11: 'The Light Gathering Garden Of Omar Kadiz.'
Minimalist percussion and synthetic choir open this instrumental which features a simple but hypnotic piano melody, reverse guitars and lots of space. Orchestral counterpoint enters here and there, as does retro Moog synth in places. TR808 style hi-hats and hand-claps give an old-school trip-hop feel but the orchestra, electric guitars and choral parts hint at a kind of neo-classical sensibility whilst the guitar adds add a touch of psychedelia. Imagine a mystical garden where flowers glow with an inner neon-like light and trees shimmer silver against a dark thunderstorm sky.
12: 'Windsong Of The Flying Boy.'
A vocal, slightly up-tempo with electric, filtered percussion. A song of the seasons. Some lyrics: “Rosy skies of Evening-land, apple blossom mercury...windsong of the flying boy, all seasons shall be sweet to thee...” More vocals, followed by a change of key then : "Speedboats from another world, mysterious comets, sounds that come and go, teenage electronics...” Which leads to a middle section featuring a wild, non-linear guitar solo before settling back into the melodic verse structure. More lyrics: “Thoughts set sail on silver ships, lost in clouds of mystery, windsong of the flying boy, all seasons shall be sweet to thee...” A melodic, clean guitar solo follows and a percussion break with hovering synths...a return to verse one....lap steel guitar and reverse guitar loop ends the song.
13: 'Henrietta Through The Looking Glass.'
A climbing guitar instrumental with orchestral punctuation and piano cascades. The Henrietta of the title is legendary Soho sub-culture character Henrietta Moraes who was a model for Francis Bacon in the 'fifties. In my imagination she is now one of Dreamshire's gentle ghosts. In this piece she dances, languid and naked, smiling beatifically whilst several elderly gentlemen, dressed in tweed, watch in admiration through her window.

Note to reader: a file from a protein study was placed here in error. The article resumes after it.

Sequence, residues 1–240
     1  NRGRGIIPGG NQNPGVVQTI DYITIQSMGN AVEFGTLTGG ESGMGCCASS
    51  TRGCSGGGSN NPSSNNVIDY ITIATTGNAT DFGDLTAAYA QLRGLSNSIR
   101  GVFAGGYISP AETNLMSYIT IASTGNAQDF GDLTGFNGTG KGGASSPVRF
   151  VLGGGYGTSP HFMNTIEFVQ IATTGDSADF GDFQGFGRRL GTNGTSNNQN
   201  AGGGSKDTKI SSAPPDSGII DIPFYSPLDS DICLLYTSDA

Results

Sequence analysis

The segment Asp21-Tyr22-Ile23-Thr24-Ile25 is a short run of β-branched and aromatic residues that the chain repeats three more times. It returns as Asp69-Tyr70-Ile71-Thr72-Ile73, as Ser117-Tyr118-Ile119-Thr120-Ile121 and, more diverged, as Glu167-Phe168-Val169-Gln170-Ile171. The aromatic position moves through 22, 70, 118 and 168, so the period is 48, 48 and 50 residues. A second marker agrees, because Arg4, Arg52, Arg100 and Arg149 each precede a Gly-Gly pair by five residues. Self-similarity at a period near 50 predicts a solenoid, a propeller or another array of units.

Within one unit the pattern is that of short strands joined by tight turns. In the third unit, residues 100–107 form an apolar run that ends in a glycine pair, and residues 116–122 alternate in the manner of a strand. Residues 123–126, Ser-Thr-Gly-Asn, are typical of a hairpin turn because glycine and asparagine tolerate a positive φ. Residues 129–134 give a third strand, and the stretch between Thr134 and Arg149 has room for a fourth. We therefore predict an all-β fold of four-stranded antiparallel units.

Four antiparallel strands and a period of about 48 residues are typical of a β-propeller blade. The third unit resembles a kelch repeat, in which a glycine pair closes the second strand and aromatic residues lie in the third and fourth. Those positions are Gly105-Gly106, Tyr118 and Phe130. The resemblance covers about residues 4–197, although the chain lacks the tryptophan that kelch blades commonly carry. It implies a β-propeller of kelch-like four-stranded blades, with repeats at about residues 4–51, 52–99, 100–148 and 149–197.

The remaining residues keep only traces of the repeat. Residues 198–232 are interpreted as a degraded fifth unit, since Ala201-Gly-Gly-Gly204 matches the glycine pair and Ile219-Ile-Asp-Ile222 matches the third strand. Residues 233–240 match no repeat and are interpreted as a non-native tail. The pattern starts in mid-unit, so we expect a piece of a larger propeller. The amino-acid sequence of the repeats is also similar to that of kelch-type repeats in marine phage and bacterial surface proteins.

14: 'Luna On The Beach.'
This song was originally recorded for the 'Joy Through Amplification' album but didn't make the final cut. It's a pop-rock thing with lots of wild wah-wah guitars.
Some lyrics: “Give me a signal, wonderous being, draw down the power, the fire and the spark...send me a postcard, fabulous creature, bring me a souvenir from the realm of the heart...” A nice, fat, chunky guitar riff underlines the chorus. The bridge has these lyrics: “Elusive thoughts luxuriate in limpid pools of thoughtful gems...Venus swims amongst the fishes, far beyond the rings of Saturn...Rockets glimpsed in evening skies...” A wonderfully chaotic arrangement.
15: 'Neither Puck Nor Pan.'
A moody, minor-key instrumental featuring processed guitars and electric piano. It evokes and conjures the more shadowy denizens of Dreamshire.
16: 'Welcome To Dreamshire.' [LuxeMix.]
This is a more 'shiny' or polished mix of the song on Disc One. It brings 'The Dreamshire Chronicles' album almost full circle.
17: 'This Everyday World.' (Instrumental Version.')
Whilst working on the vocal version of this piece, I realised that the 'backing track' could work in its own right with a couple of extra overdubs and a little tweaking. This is the result of that process and it ends the album in fine orchestral style as the listener bids farewell to Dreamshire...until the next time!
Music and Lyrics Copyright Bill Nelson 2012 All Rights Reserved.